is the author of 1088 posts on Leave Your Daily Hell. Robert founded Leave Your Daily Hell in 2010 so that other travelers would have an entertaining, reliable source of information, advice and inspiration at their fingertips. Want to travel more often? Subscribe to email updates today!


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Jason October 3, 2012 at 9:00 pm

rob, this is the first resource that i found regarding career choices after teaching english in Korea. I am planning getting my certification this month to teach in Korea, terminate my contract in 6 months, then teach in Argentina for 5 months and be home by Christmas 2013.

i’m not exactly sure what my career options are in the states after a year of teaching english.

Robert Schrader October 4, 2012 at 8:54 am

Your career options will be a lot, if you return — I didn’t (really). But in addition to teaching, you will have experience living and working abroad, a tremendous amount of follow-through and motivation and perhaps even a new language (or two)! I don’t think you should worry.

Katherine November 17, 2012 at 12:34 am

I worked at EF Kids! I had a great experience with it but my fiancee agrees with you. I think your DoS sets the tone for your center and mine happened to be great. 🙂

Robert Schrader November 17, 2012 at 8:08 am

That’s for sure! In which city did you work for EF kids?

Vladmir July 16, 2013 at 4:16 am

Rob, you are a quite good looking man 😉 … I have a question, do you ever see Asian English teachers teaching in Asia? For example a Chinese Australian teaching in China. I have read or researched and found out that a lot of Chinese schools don’t accept native English teachers if they are NOT white. Is this true, man?

Robert Schrader July 16, 2013 at 8:31 am

Vladimir, that is a very nice thing to say! In terms of your question, this is not true in all cases. There were many Asians working at EF with me, be they Korean or Chinese or other Asian. While some smaller schools may employ discriminatory hiring practices, you will generally not be denied employment if you are educated and a native speaker of English.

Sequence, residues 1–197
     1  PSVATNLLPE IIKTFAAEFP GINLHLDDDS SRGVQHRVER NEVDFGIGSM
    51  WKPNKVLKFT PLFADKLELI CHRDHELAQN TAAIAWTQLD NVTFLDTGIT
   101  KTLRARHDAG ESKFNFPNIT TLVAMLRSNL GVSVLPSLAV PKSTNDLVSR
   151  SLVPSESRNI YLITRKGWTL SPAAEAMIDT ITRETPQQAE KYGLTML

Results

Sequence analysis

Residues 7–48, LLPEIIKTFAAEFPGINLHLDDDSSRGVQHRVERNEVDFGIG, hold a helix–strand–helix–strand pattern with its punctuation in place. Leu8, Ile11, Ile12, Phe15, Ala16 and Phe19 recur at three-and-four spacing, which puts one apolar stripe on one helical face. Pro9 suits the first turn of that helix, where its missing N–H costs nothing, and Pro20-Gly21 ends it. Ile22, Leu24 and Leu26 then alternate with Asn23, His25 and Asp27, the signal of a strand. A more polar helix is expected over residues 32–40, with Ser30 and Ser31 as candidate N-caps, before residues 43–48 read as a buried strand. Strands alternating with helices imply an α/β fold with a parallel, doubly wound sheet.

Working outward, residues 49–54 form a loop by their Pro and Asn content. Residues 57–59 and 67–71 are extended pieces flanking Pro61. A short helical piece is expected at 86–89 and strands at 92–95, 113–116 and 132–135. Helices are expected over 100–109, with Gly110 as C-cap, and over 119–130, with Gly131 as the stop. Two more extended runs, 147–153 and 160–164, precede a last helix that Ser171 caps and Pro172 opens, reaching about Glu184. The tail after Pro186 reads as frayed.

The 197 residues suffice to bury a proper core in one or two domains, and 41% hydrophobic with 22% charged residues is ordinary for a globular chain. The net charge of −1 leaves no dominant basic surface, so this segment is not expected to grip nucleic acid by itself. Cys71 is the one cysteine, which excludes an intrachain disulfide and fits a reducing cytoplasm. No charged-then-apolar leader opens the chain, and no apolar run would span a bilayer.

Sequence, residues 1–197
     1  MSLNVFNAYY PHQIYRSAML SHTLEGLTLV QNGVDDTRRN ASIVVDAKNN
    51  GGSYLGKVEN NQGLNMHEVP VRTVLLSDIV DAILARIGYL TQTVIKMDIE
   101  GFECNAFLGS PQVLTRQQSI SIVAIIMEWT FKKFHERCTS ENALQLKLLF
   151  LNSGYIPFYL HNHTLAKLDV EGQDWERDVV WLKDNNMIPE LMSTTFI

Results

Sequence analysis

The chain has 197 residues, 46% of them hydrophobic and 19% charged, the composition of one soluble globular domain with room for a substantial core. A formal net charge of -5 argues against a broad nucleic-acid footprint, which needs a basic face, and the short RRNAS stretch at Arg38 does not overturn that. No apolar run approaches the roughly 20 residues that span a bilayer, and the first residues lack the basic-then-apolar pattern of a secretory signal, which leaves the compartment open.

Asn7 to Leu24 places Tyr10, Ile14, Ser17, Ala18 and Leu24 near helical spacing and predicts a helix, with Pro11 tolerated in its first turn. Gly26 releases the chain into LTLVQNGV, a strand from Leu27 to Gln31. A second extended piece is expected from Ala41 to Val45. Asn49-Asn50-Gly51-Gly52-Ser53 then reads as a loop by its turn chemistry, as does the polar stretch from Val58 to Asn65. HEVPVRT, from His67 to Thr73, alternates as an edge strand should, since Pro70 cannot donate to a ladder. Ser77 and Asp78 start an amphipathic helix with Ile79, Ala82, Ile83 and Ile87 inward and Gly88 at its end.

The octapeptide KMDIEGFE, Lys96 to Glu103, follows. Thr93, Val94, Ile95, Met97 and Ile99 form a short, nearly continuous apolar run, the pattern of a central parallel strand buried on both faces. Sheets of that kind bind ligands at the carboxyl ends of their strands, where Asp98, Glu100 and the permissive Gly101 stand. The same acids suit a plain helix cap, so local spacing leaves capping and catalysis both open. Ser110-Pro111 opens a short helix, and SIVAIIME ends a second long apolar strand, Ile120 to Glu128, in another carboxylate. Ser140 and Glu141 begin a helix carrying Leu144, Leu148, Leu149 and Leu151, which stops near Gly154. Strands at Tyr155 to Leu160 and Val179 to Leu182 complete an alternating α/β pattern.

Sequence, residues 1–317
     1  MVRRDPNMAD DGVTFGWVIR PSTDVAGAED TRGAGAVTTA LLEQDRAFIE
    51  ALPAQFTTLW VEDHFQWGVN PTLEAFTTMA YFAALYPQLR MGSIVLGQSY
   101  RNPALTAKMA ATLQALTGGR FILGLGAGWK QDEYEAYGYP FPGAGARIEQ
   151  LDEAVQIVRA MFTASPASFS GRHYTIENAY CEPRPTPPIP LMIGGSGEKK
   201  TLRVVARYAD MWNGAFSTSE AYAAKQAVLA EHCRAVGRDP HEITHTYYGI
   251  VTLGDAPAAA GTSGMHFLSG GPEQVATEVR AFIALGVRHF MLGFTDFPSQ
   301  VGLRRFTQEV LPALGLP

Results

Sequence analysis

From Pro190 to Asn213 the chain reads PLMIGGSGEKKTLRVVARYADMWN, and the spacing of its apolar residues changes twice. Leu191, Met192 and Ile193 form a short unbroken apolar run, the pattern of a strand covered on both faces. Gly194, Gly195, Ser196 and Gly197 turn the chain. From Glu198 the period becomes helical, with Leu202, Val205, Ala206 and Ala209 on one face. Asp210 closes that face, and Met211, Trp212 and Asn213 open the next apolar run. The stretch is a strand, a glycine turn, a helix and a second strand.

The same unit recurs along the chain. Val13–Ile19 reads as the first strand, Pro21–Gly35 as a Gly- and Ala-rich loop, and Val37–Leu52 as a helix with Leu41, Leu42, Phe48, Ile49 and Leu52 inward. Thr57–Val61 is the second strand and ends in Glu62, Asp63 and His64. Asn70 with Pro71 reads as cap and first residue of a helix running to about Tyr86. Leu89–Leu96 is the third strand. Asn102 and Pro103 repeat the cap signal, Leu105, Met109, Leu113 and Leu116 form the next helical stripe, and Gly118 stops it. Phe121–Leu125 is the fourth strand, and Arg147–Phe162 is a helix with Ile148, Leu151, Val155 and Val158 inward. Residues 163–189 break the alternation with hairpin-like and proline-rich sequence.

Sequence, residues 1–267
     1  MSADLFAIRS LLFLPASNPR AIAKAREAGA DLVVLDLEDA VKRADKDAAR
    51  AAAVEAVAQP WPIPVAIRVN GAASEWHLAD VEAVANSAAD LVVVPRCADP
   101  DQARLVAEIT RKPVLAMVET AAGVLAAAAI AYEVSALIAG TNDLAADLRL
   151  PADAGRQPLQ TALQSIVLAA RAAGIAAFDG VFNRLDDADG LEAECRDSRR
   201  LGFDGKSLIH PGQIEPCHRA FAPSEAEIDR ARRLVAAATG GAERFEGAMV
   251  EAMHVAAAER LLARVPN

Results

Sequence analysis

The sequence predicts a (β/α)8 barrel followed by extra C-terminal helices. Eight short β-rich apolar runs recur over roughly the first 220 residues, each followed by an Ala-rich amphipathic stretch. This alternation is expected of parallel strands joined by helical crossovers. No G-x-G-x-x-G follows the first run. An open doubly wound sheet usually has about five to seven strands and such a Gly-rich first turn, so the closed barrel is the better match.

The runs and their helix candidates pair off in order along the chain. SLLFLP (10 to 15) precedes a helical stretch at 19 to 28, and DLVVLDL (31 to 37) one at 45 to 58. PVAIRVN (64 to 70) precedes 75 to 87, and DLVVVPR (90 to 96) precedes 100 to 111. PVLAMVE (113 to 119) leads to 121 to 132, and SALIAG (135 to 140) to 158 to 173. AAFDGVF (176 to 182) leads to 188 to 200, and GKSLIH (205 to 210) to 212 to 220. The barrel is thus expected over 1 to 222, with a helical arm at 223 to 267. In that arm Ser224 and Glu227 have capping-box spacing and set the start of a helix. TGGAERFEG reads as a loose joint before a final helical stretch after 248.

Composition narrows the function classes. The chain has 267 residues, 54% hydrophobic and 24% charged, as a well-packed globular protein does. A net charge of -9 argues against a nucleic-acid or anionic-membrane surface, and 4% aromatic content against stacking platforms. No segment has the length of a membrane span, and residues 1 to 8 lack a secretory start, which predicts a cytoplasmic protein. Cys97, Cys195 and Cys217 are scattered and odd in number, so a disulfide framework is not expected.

Hunter Brookshier October 22, 2013 at 5:56 pm

Hey Jason, what was your experience like teaching in Argentina? I’m going to BA to teach english in January.

SHABNAM December 3, 2013 at 10:12 am

What if I don’t want to end contract! Can be renewed? Does it happens? Why only Teaching English? As a Computer Science graduate I will also like to teach Computer to students. Will TEFL certificate can help me? Any suggestion? SHABNAM

Shan Rose January 27, 2014 at 11:40 pm

the plan is very good

IELTS Strategy

Eloisa August 9, 2017 at 7:31 pm

Out and understand this side of your story.

Tim January 18, 2018 at 1:03 pm

Nice article. I’ve just recently passed the fifth year mark of my English teaching adventure in China, and also my 30th birthday. I spent the majority of my journey in an extremely remote and isolated location where the expat population at any given time can be counted on one hand.

There have been a few positive take-aways: I’ve honed my teaching style and my lesson planning skills, which have gone from zero to intuitive, and my Mandarin ability has likewise built up from nothing to fairly competent in speaking, writing, reading, and typing (everything except handwriting). I’d also like to think I’ve become a much more independent, resilient, adaptable person.

On the other hand, I feel I’ve stagnated. I’ve become too comfortable in a working environment with no opportunities for career advancement, living in an environment in which I can never truly “settle down” securely. Aside from a growing proficiency in a second language, I feel I haven’t added any real competitive edge that I didn’t already have on my resume the day I graduated college.

So here I am, ready to move on, with a BA in anthropology that’s still as useless today as the day I first acquired it, an indifference toward ESL, and a reluctance to leave China, the strange land that has become my home. Wish me luck!

Robert Schrader January 21, 2018 at 4:38 pm

I do wish you luck! Here’s to hoping—and knowing—that the broader horizon this career change has helped you see will play itself out in terms of opportunity and ambition.